Government continues to support First Nations leadership in conservation 

July 23, 2020

By: The Working Forest Staff

OTTAWA, ON, — Indigenous Peoples have long been leaders in environmental stewardship, sustainable development, and natural resource management.

Today, the Government of Canada announced $600,000 in funding for 10 new projects, under the Indigenous Guardians Pilot Program. The funding will support the projects in 2020–2021 under the First Nations tier 1 stream of the Program.

The Indigenous Guardians Pilot Program strives to advance Indigenous-led work to protect and conserve ecosystems, develop and maintain sustainable economies, and reinforce cultural connection to the land. The 10 successful projects were chosen out of more than 100 proposals by a joint working group of First Nations experts and federal representatives. All proposals were reviewed against rigorous criteria for their benefit to Indigenous communities and sustainability.

Guardians act as the “eyes and ears on the ground.” These projects will enable First Nations to take action to monitor ecological health, maintain cultural sites, and protect sensitive areas and species. Both seasonal and full-time employment opportunities will be created as a result.

Indigenous Peoples are recognized worldwide as the protectors of nature, with Indigenous Peoples’ territories containing as much as 80 percent of the world’s remaining forest biodiversity. The Government of Canada is committed to supporting Indigenous-led conservation programs to help protect ecosystems, species, and cultures for future generations.

“Reconciliation is a top priority for the Government of Canada. Our government recognizes that Indigenous Peoples have protected nature since time immemorial, which is why we are pleased to support their leadership in safeguarding our natural environment—for now and for generations to come,”
said The Honourable Jonathan Wilkinson, Minister of Environment and Climate Change.

“We are pleased to see these investments support the launch of new Guardians programs. It means more guardians will be shaping the future of their nations, and more lands and waters will be managed for the benefit of all,”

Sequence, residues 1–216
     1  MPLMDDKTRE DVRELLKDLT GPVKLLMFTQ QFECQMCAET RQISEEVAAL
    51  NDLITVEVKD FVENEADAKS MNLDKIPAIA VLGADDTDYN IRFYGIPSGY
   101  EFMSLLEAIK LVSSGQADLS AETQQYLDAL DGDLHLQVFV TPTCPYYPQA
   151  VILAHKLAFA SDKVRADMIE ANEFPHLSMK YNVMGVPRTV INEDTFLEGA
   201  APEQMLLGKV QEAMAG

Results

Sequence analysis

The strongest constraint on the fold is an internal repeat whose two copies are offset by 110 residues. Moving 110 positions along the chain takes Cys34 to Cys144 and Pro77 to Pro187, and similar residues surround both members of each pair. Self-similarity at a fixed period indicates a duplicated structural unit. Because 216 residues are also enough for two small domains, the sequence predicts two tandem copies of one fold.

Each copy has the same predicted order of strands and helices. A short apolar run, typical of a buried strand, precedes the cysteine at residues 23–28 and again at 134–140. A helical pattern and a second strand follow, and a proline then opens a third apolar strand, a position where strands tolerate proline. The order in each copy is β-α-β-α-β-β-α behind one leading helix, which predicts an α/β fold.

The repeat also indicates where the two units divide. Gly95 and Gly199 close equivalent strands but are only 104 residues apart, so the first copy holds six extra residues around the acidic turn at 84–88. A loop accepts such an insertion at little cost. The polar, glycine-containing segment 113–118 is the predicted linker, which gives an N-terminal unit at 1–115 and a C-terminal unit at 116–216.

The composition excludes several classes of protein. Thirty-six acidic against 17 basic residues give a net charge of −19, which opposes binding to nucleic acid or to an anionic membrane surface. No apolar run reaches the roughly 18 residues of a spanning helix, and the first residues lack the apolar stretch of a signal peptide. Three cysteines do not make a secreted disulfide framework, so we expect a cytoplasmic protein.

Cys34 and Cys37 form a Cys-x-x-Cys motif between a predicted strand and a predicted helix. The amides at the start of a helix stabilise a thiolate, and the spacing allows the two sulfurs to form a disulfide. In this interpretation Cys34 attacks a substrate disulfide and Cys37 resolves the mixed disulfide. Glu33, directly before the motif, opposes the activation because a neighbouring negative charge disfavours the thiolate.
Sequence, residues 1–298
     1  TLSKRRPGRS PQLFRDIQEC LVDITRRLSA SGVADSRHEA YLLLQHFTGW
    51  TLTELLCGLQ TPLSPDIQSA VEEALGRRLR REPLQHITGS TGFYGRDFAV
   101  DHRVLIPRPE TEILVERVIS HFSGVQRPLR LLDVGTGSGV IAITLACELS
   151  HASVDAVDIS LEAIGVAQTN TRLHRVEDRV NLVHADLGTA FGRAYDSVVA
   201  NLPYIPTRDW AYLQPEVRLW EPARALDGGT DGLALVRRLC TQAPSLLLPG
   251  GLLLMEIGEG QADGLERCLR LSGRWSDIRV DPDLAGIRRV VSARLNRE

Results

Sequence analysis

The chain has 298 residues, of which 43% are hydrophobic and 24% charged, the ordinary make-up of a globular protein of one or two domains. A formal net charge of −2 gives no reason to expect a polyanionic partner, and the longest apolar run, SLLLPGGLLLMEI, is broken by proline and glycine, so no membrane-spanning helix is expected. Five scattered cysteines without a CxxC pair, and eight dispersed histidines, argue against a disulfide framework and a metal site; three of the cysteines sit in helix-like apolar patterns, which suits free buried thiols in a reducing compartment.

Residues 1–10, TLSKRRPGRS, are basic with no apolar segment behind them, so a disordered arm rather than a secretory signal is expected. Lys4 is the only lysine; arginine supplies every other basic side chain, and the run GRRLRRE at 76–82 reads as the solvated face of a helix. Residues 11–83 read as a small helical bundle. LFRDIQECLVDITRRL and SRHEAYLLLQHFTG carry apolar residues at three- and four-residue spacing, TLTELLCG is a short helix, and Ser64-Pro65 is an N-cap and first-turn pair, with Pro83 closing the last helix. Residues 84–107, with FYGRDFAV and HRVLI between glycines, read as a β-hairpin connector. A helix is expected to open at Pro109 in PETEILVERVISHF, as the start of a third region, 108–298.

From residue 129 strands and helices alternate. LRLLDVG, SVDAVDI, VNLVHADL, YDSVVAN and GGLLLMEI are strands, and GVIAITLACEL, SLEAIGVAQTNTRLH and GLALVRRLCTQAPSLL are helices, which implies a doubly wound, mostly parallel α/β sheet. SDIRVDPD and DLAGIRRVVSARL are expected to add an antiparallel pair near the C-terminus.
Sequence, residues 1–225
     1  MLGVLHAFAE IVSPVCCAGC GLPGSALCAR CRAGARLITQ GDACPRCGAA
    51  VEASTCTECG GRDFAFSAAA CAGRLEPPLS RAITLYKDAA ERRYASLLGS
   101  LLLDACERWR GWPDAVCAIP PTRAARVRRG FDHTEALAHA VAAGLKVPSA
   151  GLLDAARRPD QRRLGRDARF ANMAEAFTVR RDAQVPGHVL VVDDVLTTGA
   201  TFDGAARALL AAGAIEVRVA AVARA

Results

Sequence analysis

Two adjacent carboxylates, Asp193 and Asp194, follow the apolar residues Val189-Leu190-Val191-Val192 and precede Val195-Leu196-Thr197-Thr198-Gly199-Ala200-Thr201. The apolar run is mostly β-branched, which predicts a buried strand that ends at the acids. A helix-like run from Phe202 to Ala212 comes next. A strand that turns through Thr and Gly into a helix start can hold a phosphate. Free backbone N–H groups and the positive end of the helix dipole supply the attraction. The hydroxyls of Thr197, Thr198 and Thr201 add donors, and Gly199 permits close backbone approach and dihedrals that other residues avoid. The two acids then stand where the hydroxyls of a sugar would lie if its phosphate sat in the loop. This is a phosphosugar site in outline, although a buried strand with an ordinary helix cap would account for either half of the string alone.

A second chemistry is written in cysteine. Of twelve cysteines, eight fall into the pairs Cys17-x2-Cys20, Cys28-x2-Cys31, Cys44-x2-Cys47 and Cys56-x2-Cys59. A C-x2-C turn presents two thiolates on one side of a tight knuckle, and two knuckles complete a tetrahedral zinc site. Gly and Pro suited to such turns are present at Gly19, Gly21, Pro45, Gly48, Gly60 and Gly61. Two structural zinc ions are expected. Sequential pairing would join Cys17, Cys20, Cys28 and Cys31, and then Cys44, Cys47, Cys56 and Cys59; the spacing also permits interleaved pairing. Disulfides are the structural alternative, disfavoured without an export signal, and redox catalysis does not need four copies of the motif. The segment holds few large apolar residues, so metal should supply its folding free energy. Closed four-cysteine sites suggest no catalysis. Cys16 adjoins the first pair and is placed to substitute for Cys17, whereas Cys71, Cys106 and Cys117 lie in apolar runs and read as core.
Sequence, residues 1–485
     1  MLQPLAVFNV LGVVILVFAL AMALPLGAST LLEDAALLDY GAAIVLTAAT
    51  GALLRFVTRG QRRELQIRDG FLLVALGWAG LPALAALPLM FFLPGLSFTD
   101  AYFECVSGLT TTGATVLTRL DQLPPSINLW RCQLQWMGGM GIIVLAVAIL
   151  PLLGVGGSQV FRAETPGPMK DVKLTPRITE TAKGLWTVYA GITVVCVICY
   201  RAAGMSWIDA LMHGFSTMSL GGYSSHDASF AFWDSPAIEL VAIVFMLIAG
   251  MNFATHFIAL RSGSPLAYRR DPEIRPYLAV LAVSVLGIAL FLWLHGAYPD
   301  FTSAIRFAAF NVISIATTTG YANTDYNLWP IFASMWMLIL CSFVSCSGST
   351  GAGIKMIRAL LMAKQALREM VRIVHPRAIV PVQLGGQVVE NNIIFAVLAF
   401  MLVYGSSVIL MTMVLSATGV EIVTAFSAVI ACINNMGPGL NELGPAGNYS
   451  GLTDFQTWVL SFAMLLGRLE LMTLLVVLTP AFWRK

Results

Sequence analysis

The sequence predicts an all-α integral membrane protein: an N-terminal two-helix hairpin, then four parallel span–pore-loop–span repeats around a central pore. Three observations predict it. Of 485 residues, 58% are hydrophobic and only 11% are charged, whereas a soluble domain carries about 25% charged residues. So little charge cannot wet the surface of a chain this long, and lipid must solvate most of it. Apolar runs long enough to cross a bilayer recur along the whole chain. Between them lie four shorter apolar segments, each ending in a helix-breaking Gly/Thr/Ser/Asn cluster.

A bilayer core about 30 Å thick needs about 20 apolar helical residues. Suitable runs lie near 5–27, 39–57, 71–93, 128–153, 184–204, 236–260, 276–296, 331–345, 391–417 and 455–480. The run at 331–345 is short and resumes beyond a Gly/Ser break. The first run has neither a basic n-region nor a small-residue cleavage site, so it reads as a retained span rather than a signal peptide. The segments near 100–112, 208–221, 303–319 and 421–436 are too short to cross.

said Valérie Courtois, Director of Indigenous Leadership Initiative.

Quick facts

  • Indigenous guardians are a key part of Canada’s Nature Legacy. To date, the Government has funded over 60 projects through the Indigenous Guardians Pilot Program, with a total investment of approximately $21.4 million.
  • The $600,000 in funding for 2020–2021 is divided into $60,000 for each of the 10 projects from across the country: Lennox Island First Nation Guardian Program, Prince Edward Island; Wolastoqey Nation in New Brunswick Guardian Program, New Brunswick; Atiku-napeu, Quebec; Asubpeeschoseewagong Anishinabek Guardian Program, Ontario; Shkakamik Kwe Genwenmajig, Ontario; Fox Lake Cree Nation Guardian Program, Manitoba; Westbank First Nation Guardian Program, British Columbia; Williams Lake Indian Band Guardian Program, British Columbia; Ditidaht First Nation Guardian Program, British Columbia; and Kluane First Nation Guardian Program, Yukon.
  • Globally, Canada is home to 20 percent of freshwater resources, 24 percent of wetlands, 25 percent of temperate rainforest area, and 33 percent of remaining boreal forest.
  • The Indigenous Guardians Pilot Program contributes to the development of healthy and resilient Indigenous communities through fostering land-based activities and supporting the development of vibrant and sustainable local economies.
  • Indigenous guardians play a vital role in creating and implementing land-use and marine-use plans.
  • Indigenous guardians promote intergenerational sharing of Indigenous knowledge—helping to train the next generation of educators, ministers, and nation builders.
  • The next call for First Nations tier 1 proposals is expected to be launched in fall 2020.

Associated links

Environment and Climate Change Canada’s Twitter page

Environment and Climate Change Canada’s Facebook page

 

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